Liked it, didn't love it. Has a lot of the ingredients for greatness. Zeitlin has incredible visual/audio filmmaking talent, Wallis is awesome, best score of the year, etc. Can't quite put my finger on why it falls short of greatness though. The Henry sick/shelter stuff... meh... from a more generic school of filmmaking. The Henry character/performance just doesn't work for me in general. Most of the film he felt like a shallow caricature as crazy yelling guy. Every other character but Wallis and her mom is even more one note. Drunk old guy, drunk big lady, etc. They don't feel like real people who have relationships with Wallis/Henry at all. The scene with the boat guy and his chicken/wrappers in particular embodies a lot of the falling short of the film. Just not a character who resonates and while Zeitlin may have had a profound metaphor in mind with the wrappers, it doesn't puncture the surface at all. The one scene in the film that felt emotionally real was the presumed mom character.
I think Zeitlin's presumed attempt to show the world through the eyes of a 6 year old as a magical kingdom, somewhat falls flat too. Didn't feel like this was shot through the eyes/mind of a 6 year old. Felt like it was someone else filming Wallis and co. and not coming from her. Thus it's less magical a film than Zeitlin perhaps anticipated.
In a way Beasts wants to be 3 things at once, or whatever the 3 way version of having your cake and eating it too is (wanting to have your cake, eat it and give it to a friend? Wanting to have a threesome with nobody feeling gay?) - It wants to paint a docu-drama realistic look at the Bathtub, it wants to go artistic by following the magical mind of a 6 year old AND it wants to include Hollywood sentimentality in its plot and resolution. As a result I'm not sure it reaches greatness in any of the areas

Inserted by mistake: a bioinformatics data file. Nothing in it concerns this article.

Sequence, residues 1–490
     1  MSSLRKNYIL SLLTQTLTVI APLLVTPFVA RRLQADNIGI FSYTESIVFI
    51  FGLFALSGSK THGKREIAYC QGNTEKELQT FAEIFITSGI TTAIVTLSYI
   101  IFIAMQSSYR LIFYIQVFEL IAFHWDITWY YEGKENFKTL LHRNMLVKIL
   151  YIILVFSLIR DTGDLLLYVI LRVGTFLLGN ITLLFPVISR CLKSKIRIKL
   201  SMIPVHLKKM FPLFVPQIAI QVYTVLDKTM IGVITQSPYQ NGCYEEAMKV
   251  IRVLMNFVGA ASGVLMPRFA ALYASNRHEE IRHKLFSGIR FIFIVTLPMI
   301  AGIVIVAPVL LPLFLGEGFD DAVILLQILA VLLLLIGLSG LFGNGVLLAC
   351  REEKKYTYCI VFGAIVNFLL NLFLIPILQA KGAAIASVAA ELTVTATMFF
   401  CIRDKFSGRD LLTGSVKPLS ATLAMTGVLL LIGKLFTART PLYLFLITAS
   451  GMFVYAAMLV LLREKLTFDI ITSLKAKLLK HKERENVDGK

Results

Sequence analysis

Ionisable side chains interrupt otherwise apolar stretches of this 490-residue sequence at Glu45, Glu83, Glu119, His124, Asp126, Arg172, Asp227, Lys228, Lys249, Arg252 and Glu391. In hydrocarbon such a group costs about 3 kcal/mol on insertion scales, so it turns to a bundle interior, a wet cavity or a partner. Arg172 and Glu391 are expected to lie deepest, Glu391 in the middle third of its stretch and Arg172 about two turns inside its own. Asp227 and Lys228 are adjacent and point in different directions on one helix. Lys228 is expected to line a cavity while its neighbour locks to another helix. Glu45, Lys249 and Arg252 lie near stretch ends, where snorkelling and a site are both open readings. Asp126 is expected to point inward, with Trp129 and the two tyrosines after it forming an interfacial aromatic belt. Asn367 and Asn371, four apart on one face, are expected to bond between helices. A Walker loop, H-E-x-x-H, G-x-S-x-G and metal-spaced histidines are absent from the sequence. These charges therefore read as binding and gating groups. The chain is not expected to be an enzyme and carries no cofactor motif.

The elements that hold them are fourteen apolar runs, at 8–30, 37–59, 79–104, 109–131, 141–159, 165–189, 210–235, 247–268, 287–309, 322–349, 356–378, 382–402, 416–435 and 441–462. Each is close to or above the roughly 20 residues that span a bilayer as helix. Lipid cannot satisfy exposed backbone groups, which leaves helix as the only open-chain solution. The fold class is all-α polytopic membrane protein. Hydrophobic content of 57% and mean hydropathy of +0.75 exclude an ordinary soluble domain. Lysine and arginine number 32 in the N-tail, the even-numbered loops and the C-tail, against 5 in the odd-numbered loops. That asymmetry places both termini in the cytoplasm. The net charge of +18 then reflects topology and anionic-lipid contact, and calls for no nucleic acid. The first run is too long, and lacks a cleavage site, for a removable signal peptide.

Last edited by MVP of West Hollywood; 12-30-2012 at 01:14 AM.
I have the impression that American audiences like this more than foreign people? I still don't know of anybody around here who liked this movie. I certainly didn't.
I actually re-watched this over the weekend, and while it wasn't as fresh-feeling and engrossing as that first feeling, I still think it resonates well. Though you can see the gears turning at times in the story and execution, I love how Zeitlin went for a modern-day legend in a rather unapologetic manner. The isolation of the characters, the vagueness of the setting (Is it the Katrina storm? Modern times? A post-apocalyptic future?), the young protagonist having to overcome events greater than themselves. He handles it all in a down-to-earth manner, but it works well still. Definitely one of my favorites of the year still.
"I shall immediately after I'm done watching Homeland." - DirkDiggler on his voting priorities
One of my favourites of the year, and I think seeing it in a theatre helped create some of that impact -- being immersed in the visuals and the sound, that whole environment.
I remember my head hurt through most of it. I was constantly torn between my own knee-jerk reaction to what I was seeing (rescue that poor girl and get her out of there) and trying to see it all through her/their eyes as well. Being part of a community has great value, but at any cost? As Big Edie says: "No judgements here Jacqueline."
I watched it with friends who work continuity, sets and location scouting and we were impressed by those aspects especially. Nothing looked staged. Everything was the ultimate in broken down.
Like the best films I've seen this year, Beasts feels like an original. A one of a kind.
Join the party: http://twitter.com/Zuranthium
I adored this movie, and apparently, so did the President.
People Magazine interviewed the President and First Lady of the United States for their year end issue. When asked what his favorite films of 2012 were, the President had this to say:
People: A movie you loved so much the past year you’d see it again?
The President: Beasts of the Southern Wild was spectacular. We saw it with friends and my nieces, one of whom is only 4 years old, and it captivated all of them.
A shout out from the President is a pretty cool way to end an incredible, amazing, unforgettable year! So much to be thankful for as we head into 2013. Needless to say, we’ll never forget this moment.